Anza Trail Volunteers Share Top Honors at La Fiesta de Los Vaqueros
Contact: Hale Sargent, 415-623-2344
In its public debut, the Anza Trail Coalition of Arizona Color Guard shared top honors at the 88th annual Tucson Rodeo Parade on February 21, 2013.
La Fiesta de los Vaqueros, as the event is known, bills itself as the world's largest non-motorized parade. The celebration is a cultural fixture in Tucson; local schools are closed for the event, and it is broadcast live on local television.
The parade committee awarded its Chairman's Award to the Anza Trail volunteers for exemplifying the spirit and theme of Western heritage. For this, the color guard's first public event, William Islas depicted Lt. Col. Juan Bautista de Anza, leading a contingent of Spanish colonial soldiers and settlers through the streets of Tucson. Islas traces his family lineage to a member of the Anza expedition.
The non-profit Anza Trail Coalition of Arizona developed the color guard to educate the public about the Juan Bautista de Anza National Historic Trail.
The color guard portrays men, women, and children in authentic clothing of the expedition. While primarily designed to be a mounted unit, the guard also includes participants on foot.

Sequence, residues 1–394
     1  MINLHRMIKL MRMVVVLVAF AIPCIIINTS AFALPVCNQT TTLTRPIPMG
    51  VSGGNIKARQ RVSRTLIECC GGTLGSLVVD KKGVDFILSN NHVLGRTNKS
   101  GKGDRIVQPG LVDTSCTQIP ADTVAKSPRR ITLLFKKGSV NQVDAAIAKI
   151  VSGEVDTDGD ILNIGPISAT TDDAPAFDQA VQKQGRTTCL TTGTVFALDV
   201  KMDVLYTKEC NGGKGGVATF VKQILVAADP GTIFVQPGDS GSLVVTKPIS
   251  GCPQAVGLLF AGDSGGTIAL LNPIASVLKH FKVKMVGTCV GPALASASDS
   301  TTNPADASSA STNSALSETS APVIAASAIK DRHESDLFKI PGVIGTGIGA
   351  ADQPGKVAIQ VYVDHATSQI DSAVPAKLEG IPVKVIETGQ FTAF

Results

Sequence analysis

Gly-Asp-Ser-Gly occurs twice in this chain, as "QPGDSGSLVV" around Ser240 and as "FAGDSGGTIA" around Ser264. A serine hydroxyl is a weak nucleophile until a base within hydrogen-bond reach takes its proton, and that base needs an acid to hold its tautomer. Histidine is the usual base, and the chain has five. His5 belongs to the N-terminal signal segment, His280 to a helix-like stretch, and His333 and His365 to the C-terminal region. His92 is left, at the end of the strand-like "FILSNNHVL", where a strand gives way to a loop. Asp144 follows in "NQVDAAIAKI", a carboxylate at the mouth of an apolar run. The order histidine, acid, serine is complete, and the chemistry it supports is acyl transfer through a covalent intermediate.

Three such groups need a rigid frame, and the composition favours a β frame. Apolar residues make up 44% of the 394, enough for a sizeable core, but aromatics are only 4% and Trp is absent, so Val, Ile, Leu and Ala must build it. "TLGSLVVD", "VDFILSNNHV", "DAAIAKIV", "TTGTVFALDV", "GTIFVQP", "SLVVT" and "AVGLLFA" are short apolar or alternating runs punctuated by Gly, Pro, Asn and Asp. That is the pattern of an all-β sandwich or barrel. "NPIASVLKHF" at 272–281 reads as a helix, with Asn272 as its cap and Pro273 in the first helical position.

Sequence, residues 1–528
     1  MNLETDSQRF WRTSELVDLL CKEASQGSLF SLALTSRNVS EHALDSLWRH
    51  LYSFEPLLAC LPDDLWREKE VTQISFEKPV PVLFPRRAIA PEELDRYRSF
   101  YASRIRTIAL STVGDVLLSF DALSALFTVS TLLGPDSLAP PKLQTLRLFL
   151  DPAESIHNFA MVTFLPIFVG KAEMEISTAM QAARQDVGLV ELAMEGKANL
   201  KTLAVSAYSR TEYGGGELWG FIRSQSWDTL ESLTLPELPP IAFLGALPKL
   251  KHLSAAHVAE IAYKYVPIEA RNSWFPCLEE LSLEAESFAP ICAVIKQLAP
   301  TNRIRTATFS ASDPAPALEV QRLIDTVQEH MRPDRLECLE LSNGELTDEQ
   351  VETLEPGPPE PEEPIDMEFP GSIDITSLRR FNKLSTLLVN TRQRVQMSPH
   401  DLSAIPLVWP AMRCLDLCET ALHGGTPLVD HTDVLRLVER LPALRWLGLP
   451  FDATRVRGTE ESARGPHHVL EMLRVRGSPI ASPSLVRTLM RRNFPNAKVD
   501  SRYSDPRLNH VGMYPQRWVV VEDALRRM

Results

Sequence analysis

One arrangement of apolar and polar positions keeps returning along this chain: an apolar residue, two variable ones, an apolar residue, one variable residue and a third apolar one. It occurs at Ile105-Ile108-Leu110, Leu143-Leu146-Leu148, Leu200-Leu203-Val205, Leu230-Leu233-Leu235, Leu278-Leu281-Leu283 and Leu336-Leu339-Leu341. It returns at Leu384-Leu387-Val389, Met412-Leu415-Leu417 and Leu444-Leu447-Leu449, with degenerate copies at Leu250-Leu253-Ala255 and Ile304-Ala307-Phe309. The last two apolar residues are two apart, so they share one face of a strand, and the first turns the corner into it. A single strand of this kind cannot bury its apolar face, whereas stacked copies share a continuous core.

The Anza Trail Coalition of Arizona provides horses, transportation, and support to the color guard members, many of whom also participate at their own expense in practice drills to maintain their horsemanship skills.
Other trophy winners at this year's Fiesta de los Vaqueros included the Tucson Chinese Cultural Center and the League of Mexican-American Women.
The Juan Bautista de Anza National Historic Trail commemorates the 1775-76 colonizing expedition of nearly 300 men, women, and children who journeyed more than 1600 miles to establish the first European settlement at San Francisco Bay. The expedition comprised families of Native American, European, and African heritage, symbolic of the rich diversity of the modern American West. For more information, visit www.nps.gov/JUBA.
Did You Know?
In 1774, Spaniard Juan Bautista de Anza met Chief Palma of the Quechan (pronounced khet-chan) tribe and they became friends. When Anza returned a year later with more than 240 settlers bound for California, Palma gave Anza 6000 watermelons. The Quechan people still grow these watermelons today. More...